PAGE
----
Who is This Really About?
Acts 8: 26-40
Rev. Dr. Fritz Ritsch, Preacher
May 7, 2012
When Margaret and I were visiting in Israel several years ago, our guide was Lee, a brilliant, vibrant lady in her seventies who was originally from Chicago and seemed to have boundless energy. Lee’s day job was as a social worker helping assimilate Jews migrating to Israel under the aliyah, Israel’s “law of return.” The law of return means that Israel will accept anyone into their country as a citizen who can make any legitimate claim to be Jewish, whether racial, religious, or cultural.
Lee’s area of expertise was also one of the most difficult of the aliyah. She was integrating immigrants from Beta Israel, the term that is used for Ethiopian Jews. Though world Judaism is surprisingly diverse, comprising languages and ethnicities and skin colors of all sorts, Ethiopian Jews have run into prejudice because of their black skin. They’ve also had problems because people question their right to claim to be Jewish. For one thing, they have been largely cut off from world Judaism, and as a result some of their practices and beliefs seem alien and strange. Secondly, they arrive poor and often uneducated, and thus in need of support from the Israeli social safety net.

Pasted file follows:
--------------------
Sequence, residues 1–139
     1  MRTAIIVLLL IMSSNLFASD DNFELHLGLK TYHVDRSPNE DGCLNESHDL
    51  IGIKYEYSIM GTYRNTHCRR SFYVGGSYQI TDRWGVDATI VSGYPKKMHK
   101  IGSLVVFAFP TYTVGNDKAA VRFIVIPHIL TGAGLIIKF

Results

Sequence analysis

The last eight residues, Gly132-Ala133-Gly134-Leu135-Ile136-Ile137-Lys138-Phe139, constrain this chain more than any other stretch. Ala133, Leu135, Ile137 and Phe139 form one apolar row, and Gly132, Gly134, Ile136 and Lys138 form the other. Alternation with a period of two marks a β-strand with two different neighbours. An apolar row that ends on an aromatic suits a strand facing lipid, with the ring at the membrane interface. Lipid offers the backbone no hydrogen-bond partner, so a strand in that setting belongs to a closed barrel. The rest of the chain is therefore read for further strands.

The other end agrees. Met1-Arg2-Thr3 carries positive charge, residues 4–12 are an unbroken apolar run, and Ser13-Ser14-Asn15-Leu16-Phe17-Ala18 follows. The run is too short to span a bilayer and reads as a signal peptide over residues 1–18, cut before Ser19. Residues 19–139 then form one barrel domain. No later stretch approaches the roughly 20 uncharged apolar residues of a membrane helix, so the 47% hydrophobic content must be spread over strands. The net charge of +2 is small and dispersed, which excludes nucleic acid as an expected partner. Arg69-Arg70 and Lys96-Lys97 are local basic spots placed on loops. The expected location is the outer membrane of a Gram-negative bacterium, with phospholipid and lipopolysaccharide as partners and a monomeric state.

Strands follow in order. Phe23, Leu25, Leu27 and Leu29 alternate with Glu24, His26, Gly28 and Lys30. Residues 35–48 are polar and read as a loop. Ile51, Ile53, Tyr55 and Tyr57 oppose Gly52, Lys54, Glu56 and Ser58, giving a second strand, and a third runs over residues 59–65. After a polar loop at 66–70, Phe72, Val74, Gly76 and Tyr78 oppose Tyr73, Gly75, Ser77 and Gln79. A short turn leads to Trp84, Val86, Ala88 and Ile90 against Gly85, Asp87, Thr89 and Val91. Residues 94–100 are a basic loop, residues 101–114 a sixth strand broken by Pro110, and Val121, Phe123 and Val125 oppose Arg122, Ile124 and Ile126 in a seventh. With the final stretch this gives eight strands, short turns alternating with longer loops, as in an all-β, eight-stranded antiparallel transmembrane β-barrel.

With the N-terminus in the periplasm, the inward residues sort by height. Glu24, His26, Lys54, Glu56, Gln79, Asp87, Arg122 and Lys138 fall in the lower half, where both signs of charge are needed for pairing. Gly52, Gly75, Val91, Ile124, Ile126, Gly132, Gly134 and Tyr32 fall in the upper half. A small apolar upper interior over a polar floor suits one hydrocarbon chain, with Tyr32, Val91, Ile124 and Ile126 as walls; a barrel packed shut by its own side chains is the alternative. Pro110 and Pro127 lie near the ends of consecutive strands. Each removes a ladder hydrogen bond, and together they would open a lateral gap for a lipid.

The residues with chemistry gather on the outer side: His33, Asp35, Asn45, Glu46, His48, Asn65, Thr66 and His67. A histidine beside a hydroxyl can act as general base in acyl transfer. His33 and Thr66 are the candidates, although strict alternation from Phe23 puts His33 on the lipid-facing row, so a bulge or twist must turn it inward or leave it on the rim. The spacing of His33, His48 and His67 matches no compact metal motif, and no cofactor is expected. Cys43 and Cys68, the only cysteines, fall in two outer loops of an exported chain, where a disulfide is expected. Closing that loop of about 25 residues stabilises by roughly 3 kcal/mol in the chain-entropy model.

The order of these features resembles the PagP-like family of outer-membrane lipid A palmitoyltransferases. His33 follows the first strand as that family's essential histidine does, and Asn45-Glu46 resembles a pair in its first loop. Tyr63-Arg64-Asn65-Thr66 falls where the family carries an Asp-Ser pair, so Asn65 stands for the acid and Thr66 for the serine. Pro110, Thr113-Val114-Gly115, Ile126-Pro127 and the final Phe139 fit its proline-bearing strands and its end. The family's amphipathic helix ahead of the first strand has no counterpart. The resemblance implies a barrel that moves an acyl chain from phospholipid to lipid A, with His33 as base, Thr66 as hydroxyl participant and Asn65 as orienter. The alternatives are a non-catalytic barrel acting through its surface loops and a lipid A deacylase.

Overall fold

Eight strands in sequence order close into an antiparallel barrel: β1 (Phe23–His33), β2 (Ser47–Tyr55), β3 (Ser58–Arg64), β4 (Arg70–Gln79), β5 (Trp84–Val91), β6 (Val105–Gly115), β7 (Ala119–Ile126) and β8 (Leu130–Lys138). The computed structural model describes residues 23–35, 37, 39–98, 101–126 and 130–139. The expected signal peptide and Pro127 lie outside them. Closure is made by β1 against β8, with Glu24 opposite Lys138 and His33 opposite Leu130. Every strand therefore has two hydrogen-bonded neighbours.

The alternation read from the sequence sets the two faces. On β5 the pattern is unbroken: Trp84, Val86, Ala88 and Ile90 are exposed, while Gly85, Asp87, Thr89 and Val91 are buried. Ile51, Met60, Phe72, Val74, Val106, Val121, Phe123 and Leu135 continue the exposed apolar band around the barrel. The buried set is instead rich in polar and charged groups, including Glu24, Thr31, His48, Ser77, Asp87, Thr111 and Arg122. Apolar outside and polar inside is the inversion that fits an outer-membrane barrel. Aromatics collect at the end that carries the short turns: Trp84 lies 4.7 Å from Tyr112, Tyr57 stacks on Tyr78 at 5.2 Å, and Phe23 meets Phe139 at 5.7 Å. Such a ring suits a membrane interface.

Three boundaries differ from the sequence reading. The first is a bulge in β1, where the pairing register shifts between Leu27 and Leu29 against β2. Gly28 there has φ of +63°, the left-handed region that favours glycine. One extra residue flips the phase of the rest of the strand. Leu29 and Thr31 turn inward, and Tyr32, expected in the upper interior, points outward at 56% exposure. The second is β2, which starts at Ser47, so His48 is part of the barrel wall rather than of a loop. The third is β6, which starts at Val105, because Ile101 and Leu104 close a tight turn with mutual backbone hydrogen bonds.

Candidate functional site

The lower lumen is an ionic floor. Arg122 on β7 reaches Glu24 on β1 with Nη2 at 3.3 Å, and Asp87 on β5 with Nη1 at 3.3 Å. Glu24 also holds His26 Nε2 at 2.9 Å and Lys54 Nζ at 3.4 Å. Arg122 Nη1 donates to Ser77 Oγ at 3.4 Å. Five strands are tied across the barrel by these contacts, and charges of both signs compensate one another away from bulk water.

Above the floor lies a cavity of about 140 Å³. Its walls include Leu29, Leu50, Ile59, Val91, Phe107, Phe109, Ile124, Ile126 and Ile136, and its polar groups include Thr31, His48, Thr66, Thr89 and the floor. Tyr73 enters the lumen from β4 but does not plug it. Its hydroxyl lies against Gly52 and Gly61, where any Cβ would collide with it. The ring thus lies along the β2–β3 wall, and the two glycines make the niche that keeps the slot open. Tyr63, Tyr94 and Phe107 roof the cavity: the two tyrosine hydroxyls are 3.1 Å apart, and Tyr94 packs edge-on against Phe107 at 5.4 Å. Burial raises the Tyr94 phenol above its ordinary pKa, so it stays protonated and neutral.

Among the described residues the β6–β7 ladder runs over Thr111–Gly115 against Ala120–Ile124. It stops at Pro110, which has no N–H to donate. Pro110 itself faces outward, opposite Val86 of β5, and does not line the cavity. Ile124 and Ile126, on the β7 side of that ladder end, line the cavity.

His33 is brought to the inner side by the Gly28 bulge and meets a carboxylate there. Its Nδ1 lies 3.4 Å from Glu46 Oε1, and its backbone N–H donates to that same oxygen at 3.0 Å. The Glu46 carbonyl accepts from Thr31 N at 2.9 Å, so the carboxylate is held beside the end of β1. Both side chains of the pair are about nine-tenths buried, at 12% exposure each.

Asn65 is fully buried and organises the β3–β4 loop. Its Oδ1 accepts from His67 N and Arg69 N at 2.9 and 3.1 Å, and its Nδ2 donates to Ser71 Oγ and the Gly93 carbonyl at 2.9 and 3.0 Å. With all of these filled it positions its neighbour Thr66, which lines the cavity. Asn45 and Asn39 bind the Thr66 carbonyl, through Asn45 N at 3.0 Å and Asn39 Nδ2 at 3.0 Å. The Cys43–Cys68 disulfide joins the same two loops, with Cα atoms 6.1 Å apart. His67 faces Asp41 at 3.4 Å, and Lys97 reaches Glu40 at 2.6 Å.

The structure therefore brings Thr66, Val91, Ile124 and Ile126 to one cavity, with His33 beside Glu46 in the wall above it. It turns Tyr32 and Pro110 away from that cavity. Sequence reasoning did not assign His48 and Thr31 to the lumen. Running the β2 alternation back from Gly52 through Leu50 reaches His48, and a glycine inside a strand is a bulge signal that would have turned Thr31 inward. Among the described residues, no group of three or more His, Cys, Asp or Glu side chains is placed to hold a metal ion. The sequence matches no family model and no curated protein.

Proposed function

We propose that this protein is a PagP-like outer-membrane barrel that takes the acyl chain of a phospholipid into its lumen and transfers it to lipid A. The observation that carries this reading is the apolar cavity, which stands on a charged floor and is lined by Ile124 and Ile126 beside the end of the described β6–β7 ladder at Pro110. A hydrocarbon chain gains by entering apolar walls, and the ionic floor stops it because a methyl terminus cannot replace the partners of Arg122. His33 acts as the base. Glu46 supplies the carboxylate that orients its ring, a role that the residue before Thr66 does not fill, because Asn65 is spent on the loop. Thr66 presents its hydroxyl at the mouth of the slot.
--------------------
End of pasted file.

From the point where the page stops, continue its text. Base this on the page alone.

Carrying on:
But for another, there are questions about their origin. The origin of Ethiopian Judaism, or the falasha as they call themselves, is lost in antiquity. Some claim that the Queen of Sheba, the famous consort of King Solomon, bore a son by Solomon who brought Judaism to Ethiopia. That would place their founding as far back as the 9th century BC, but that’s unlikely. Another theory places the rise of Ethiopian Judaism after the fall of the Second Temple, half a century after the death of Jesus. A third places it later still.